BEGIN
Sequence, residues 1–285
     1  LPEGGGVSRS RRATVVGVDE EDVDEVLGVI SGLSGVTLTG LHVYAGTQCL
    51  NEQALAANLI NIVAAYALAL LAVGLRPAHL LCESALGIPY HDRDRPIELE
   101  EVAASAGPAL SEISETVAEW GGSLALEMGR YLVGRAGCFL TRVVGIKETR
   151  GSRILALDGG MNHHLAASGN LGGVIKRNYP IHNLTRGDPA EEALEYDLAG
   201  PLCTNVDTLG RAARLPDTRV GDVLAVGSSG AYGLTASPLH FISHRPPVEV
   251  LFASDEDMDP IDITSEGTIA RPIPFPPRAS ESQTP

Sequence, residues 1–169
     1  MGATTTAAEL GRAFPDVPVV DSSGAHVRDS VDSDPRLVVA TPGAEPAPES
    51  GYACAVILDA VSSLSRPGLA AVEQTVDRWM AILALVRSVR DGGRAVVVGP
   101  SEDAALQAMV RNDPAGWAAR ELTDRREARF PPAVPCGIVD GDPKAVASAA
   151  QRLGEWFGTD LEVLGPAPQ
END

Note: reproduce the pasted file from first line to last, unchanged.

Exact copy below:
Sequence, residues 1–285
     1  LPEGGGVSRS RRATVVGVDE EDVDEVLGVI SGLSGVTLTG LHVYAGTQCL
    51  NEQALAANLI NIVAAYALAL LAVGLRPAHL LCESALGIPY HDRDRPIELE
   101  EVAASAGPAL SEISETVAEW GGSLALEMGR YLVGRAGCFL TRVVGIKETR
   151  GSRILALDGG MNHHLAASGN LGGVIKRNYP IHNLTRGDPA EEALEYDLAG
   201  PLCTNVDTLG RAARLPDTRV GDVLAVGSSG AYGLTASPLH FISHRPPVEV
   251  LFASDEDMDP IDITSEGTIA RPIPFPPRAS ESQTP

Sequence, residues 1–169
     1  MGATTTAAEL GRAFPDVPVV DSSGAHVRDS VDSDPRLVVA TPGAEPAPES
    51  GYACAVILDA VSSLSRPGLA AVEQTVDRWM AILALVRSVR DGGRAVVVGP
   101  SEDAALQAMV RNDPAGWAAR ELTDRREARF PPAVPCGIVD GDPKAVASAA
   151  QRLGEWFGTD LEVLGPAPQ